Dr. Mark Bowling, right, considers Dr. Paul Walker, left, to be his mentor. Bowling now has the professorship that bears Walker’s name.

Dr. Mark Bowling, left, considers Dr. Paul Walker, right, to be his mentor. Bowling now has the professorship that bears Walker’s name. (Photos by Cliff Hollis)



New professorship furthers legacy

August 11, 2017

By Rich Klindworth
ECU News Services

Dr. Mark Bowling is in a unique situation. He is the first Paul R. and Kathryn M. Hettinger Walker Distinguished Professor of Clinical Oncology in East Carolina University’s Department of Oncology. 

The professorship honors his mentor.

“I’m overwhelmed, very humbled and exceedingly blessed,” Bowling said. “Dr. (Paul) Walker is probably the best physician and man, other than my father I think, that I’ve had the pleasure to work with. He is a true legend in medicine, he is a true doctor.” 

Bowling, a 2001 Brody School of Medicine graduate, is the division chief of pulmonary medicine in ECU’s department of internal medicine and director of thoracic oncology at the Leo W. Jenkins Cancer Center – a joint venture between Vidant and the Brody School of Medicine at ECU. 

Walker is chief of hematology/oncology at the Brody School of Medicine. He and his wife, Kathy, said Bowling was the perfect choice for this professorship.

“He is a ‘high standards; no excuses’ person because of his passion for lung cancer care,” Kathy said. 

“High standards; no excuses” and “It matters” are phrases the Walkers and Bowling say often. Walker said he learned the mantra from one of his son’s high school football coaches and has implemented that mentality within the thoracic and hematology/oncology programs. 

“That’s what makes him (Dr. Walker) so great,” Bowling said. “There are not a lot of people around like him and he doesn’t tolerate anything less than excellence. That’s what he demands from himself and what he demands from fellow physicians, because that’s what our patients demand and that’s what our patients deserve.”

Dr. Bowling performs a bronchoscopy on a patient, collecting lung cells to test for possible cancer.

Bowling’s primary focus is performing bronchoscopies, inserting a small camera into patients’ lungs and taking biopsies of potential cancers. The earlier the diagnosis, the better the outcome. He plans on using the $20,000 a year the professorship provides to build a research structure that will enable him and his colleagues to report the various outcomes of their patients.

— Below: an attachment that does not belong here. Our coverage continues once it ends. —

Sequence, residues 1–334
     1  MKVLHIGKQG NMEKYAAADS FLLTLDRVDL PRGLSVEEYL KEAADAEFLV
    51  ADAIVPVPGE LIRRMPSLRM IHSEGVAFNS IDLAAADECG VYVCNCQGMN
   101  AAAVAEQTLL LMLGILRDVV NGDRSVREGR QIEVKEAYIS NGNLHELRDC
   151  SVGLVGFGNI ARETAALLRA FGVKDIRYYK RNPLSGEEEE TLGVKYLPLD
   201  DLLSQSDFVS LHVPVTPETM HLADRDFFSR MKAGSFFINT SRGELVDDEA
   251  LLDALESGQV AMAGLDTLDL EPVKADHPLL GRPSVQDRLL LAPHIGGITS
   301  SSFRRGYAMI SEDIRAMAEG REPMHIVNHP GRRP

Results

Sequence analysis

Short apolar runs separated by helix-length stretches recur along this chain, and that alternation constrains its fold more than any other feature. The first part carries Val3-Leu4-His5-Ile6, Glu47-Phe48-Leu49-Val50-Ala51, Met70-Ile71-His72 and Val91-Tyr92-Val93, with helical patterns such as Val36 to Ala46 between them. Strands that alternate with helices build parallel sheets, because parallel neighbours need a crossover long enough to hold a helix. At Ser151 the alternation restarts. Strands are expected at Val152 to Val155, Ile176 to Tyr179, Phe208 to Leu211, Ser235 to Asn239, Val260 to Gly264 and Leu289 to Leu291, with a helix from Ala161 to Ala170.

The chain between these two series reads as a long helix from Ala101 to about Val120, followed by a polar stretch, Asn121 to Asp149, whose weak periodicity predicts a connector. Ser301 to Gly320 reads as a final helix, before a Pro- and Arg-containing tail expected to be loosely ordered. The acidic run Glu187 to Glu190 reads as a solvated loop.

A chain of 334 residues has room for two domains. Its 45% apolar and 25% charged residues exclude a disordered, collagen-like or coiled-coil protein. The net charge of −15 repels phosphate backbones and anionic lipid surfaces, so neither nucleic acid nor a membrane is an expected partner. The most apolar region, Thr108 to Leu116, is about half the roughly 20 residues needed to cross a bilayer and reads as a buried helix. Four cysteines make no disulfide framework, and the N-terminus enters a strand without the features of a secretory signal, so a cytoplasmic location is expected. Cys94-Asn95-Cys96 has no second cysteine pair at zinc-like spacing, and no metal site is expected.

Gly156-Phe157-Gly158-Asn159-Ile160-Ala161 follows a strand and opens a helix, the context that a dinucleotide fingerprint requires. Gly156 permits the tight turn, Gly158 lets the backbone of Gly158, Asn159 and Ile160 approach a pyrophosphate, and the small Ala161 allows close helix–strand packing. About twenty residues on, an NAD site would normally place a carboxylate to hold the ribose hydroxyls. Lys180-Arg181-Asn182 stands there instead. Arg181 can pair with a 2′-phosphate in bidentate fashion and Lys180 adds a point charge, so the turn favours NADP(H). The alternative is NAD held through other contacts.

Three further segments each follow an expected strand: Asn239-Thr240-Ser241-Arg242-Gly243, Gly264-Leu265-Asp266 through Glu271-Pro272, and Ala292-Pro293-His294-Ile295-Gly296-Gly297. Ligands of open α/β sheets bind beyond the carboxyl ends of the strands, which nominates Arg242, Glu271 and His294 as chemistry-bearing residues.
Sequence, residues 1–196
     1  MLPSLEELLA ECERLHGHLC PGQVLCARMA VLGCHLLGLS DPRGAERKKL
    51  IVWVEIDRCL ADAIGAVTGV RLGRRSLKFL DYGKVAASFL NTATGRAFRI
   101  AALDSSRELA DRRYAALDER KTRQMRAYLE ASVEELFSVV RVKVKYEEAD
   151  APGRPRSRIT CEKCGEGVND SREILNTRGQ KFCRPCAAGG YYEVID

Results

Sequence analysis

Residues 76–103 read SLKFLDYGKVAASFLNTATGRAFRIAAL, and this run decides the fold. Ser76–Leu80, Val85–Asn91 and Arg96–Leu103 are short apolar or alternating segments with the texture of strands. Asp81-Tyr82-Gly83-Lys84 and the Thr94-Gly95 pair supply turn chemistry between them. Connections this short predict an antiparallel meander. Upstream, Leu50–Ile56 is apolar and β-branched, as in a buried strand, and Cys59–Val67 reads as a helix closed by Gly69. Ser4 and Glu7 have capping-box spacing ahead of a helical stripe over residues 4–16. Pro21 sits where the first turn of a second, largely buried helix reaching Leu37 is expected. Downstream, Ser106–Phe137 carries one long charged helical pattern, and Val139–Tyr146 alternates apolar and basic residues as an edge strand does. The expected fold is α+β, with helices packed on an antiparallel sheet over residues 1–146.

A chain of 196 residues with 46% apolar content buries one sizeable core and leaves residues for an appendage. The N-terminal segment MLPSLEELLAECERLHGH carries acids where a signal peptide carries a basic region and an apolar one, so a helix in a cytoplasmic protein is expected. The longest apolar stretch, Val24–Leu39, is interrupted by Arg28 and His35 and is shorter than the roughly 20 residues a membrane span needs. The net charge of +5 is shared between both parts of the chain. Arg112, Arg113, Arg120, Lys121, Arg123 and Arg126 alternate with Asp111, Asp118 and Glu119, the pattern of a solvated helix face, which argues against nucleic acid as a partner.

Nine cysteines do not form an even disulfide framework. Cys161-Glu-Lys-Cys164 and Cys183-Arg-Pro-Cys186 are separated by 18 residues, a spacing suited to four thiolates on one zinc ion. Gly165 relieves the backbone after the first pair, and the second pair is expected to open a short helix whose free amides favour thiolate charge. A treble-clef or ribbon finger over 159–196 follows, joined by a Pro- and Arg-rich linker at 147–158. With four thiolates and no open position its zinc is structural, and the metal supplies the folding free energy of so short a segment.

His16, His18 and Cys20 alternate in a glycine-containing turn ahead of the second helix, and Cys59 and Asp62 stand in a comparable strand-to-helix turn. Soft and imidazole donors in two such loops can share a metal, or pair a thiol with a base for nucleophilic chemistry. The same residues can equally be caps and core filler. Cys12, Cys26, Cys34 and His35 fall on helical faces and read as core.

By funding this professorship, the Walkers have given the largest gift ever by a faculty member of ECU, at $500,000. Of the amount, $333,000 will draw a state match of $167,000 to fund the professorship. The rest will serve as seed grants to jump-start promising research so scientists can collect data and subsequently apply for larger grants. 

The Walkers made their gift back in 2010. Once the funding was in place, the search began to fill the position. “We were waiting for just the right person, and Mark Bowling is just the right person,” said Kathy. 

A board member of the Medical and Health Sciences Foundation, Kathy said her association with the foundation has increased her awareness of the importance of endowed professorships in recruiting and retaining high quality faculty. 

“There are plenty of people who would like to pull him (Bowling) away,” she said. 

“His leadership is superb,” echoed Walker. “Mark is somebody who has a passion to think. His technical skills are superb. He cares about everybody. He inspires people, and everything he does is because it matters to every individual he takes care of.”

Bowling is quick to turn the attention from himself to his team. He credits the multidisciplinary thoracic oncology team he works with for their program’s success in treating lung cancer patients.

“Individually we’re OK, but together we’re absolutely excellent,” he said. “I think that’s what is really unique about this place. Our situation is we really have an all-star team.

“I think we all have a calling in life, and I was very blessed to come here to run into Dr. Walker, to get that mentorship, to get that path forward in lung cancer,” he continued. “And I think it’s God setting me on that right path and things have fallen in place. I do it because it matters and it’s the right thing to do.”

 (Video by Rich Klindworth)